Sure, on the surface, it looks like a hook-up app like Grindr for potential stalkers and date rapists, but all that Girls Around Me is really doing is using public APIs… Moreover, the girls (and men!) shown in Girls Around Me all had the power to opt out of this information being visible to strangers, but whether out of ignorance, apathy or laziness, they had all neglected to do so. This was all public information. Nothing Girls Around Me does violates any of Apple’s policies.
“It’s not, really, that we’re all horrified by what this app does, is it?” I asked, finishing my drink. “It’s that we’re all horrified by how exposed these girls are, and how exposed services like Facebook and Foursquare let them be without their knowledge.”
I’ve seen this blog post shared on Twitter a few times over the last day, generally without much critical commentary attached. So I thought it would be opportune to provide some analysis from the perspective of a woman in her 20s who uses social media.
I’ve never used Facebook Places, but I have a Foursquare account which I’ve used on and off over the last couple of years, depending on whether I feel like it’s worth my time. It’s a public account. It has my name on it. It’s linked to my public Twitter account, which is linked to my blog, and so on.
And so if I check in to a place on Foursquare, I assume my location is public knowledge. I wouldn’t be shocked if someone I’d never met before came to introduce themselves and said “I’ve seen your name online”. It’s happened before.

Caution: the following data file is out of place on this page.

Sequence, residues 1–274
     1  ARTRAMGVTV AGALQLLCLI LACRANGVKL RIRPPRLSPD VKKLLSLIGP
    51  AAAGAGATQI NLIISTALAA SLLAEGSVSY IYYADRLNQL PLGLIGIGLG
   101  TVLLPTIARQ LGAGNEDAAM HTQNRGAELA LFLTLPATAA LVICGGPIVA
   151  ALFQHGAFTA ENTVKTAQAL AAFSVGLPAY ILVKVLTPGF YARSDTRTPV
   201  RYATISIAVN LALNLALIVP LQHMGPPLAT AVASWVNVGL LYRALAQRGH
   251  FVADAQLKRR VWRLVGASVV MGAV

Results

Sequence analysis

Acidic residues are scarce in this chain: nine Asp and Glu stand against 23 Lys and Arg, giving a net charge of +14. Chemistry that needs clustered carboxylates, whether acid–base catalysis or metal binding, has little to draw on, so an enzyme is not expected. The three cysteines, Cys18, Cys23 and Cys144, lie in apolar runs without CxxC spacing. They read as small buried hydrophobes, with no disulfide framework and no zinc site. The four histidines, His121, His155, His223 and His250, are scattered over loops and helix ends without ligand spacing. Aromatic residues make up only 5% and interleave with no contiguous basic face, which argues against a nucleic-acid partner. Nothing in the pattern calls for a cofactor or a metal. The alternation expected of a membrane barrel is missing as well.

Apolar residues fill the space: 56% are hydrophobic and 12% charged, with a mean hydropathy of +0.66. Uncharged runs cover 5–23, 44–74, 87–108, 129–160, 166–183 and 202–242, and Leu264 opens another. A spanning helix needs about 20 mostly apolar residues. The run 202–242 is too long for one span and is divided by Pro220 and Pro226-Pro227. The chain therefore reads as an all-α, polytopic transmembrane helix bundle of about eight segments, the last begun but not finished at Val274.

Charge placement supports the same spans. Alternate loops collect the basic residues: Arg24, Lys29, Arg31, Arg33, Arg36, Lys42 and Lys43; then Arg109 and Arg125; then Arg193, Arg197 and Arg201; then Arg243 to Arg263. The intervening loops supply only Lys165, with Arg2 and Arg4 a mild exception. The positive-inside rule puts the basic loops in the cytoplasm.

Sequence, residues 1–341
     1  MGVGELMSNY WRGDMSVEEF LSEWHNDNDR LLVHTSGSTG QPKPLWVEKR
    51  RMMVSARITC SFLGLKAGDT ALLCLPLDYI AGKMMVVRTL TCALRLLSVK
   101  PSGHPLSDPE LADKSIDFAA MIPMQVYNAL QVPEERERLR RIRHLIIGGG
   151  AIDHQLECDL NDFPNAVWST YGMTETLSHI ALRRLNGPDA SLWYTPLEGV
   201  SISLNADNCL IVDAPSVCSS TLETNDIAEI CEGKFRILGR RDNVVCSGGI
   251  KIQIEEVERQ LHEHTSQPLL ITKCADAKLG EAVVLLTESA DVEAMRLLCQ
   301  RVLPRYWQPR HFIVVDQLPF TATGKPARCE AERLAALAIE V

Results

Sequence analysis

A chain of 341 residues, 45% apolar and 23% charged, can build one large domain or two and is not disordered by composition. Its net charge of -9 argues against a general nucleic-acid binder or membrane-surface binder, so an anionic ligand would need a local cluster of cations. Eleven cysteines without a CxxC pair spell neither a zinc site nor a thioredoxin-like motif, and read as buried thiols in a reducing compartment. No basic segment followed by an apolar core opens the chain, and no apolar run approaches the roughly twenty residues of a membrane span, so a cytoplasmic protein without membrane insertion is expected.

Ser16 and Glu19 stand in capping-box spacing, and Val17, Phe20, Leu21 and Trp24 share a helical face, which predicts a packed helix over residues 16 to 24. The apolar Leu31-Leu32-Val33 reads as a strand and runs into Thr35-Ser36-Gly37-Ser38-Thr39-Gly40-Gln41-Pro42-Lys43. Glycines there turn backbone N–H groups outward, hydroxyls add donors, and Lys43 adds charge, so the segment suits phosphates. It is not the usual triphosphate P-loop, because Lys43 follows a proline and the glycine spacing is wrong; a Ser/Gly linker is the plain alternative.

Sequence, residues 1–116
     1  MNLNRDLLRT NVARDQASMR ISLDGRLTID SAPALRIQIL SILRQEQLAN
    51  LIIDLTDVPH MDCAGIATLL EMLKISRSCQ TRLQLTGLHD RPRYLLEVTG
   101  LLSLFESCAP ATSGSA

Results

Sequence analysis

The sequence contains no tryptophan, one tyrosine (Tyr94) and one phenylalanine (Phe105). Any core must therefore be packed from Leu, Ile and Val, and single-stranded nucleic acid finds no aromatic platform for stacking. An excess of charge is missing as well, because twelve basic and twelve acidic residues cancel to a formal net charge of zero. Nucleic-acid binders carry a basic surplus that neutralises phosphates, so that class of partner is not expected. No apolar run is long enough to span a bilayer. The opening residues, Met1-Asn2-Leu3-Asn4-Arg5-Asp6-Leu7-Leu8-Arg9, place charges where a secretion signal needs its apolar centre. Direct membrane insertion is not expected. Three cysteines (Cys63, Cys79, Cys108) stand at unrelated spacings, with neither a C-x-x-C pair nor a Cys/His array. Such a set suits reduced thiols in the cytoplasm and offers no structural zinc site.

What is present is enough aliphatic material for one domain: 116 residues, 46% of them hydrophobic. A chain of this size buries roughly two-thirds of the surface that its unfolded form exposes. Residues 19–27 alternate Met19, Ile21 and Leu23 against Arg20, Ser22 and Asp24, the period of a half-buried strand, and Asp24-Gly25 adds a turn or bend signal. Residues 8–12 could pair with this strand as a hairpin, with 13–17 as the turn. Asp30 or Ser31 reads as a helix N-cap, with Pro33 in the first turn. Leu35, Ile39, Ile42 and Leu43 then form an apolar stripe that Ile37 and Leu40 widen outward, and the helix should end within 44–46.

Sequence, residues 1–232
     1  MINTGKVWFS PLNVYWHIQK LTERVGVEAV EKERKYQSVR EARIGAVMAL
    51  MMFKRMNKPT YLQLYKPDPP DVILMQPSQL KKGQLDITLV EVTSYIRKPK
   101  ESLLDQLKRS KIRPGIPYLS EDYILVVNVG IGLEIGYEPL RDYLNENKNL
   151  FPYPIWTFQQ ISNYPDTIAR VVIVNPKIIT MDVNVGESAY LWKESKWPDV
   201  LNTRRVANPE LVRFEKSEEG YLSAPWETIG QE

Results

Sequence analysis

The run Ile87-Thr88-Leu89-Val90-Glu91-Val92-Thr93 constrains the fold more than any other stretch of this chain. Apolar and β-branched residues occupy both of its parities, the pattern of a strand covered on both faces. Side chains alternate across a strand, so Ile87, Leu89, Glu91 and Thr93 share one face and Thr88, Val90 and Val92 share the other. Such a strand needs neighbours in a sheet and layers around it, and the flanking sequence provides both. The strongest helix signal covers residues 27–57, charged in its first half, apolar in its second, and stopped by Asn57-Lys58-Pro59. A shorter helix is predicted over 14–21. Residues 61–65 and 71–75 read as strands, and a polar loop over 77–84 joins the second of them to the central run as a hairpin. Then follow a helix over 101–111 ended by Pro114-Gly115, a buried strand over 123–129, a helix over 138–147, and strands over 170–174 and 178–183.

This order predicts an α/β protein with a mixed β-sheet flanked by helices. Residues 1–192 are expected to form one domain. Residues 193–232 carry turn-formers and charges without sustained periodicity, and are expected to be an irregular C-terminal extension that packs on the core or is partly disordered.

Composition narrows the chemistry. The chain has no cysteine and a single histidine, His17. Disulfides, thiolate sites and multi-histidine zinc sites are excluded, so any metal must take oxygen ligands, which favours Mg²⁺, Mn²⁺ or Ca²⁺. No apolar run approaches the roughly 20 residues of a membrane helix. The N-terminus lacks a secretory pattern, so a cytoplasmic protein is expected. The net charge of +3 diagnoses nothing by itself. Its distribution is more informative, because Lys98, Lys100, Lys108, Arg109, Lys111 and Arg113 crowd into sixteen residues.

Why does the author of this blog post think that “girls” are necessarily telling strangers where they are out of “ignorance, apathy or laziness”? Is it possible a woman could make her location public as a deliberate act?
“It looks like Zoe is my kind of girl. From her photo albums, I can see that she likes to party, and given the number of guys she takes photos with at bars and clubs at night, I can deduce that she’s frisky when she’s drunk, and her favorite drink is a frosty margarita. She appears to have recently been in Rome. Also, since her photo album contains pictures she took at the beach, I now know what Zoe looks like in a bikini… which, as it happens, is pretty damn good.”
In this paragraph and throughout the article, women are spoken about as if they are devoid of all agency. The word “girl” frames them as vulnerable. The question of whether women know as much about social network APIs as the author is breezily dismissed with a “probably not“—even as he makes a pretty basic mistake about how Foursquare works.
And it is taken for granted that a man, armed with the knowledge of where a woman went to high school and a photo of her in a bikini, will be able to charm his way into her life/pants. Zoe is apparently frisky when drunk, and if not, “there are—let’s see—nine other girls at the Independent tonight.”
I feel as if we’re not giving Zoe or the other “girls” at the Independent much credit here. Maybe they have dealt with creepy men before? They are old enough to be out at a bar, after all.
This is an app you should download to teach the people you care about that privacy issues are real, that social networks like Facebook and Foursquare expose you and the ones you love, and that if you do not know exactly how much you are sharing, you are as easily preyed upon as if you were naked.
In the 21st century—at least in the circles I mix in—it’s considered pretty offensive to suggest a woman is asking for rape by wearing clothes that expose her body.
Yet the undercurrent of discourse around this article appears to be that posting your location online is a form of “exposure” that women would not consent to if they were informed of the risks.
Certainly it’s a good thing for everyone to be aware of the privacy policies of social networks they use, and how personal data can be shared with strangers.
But surely we all deserve the right to exist in public, and to tell people about it, if that’s what we choose to do.
And if there is a risk that a woman is “preyed upon”, surely the priority should be to change the behaviour of the predator, rather than to find new ways to blame the victim?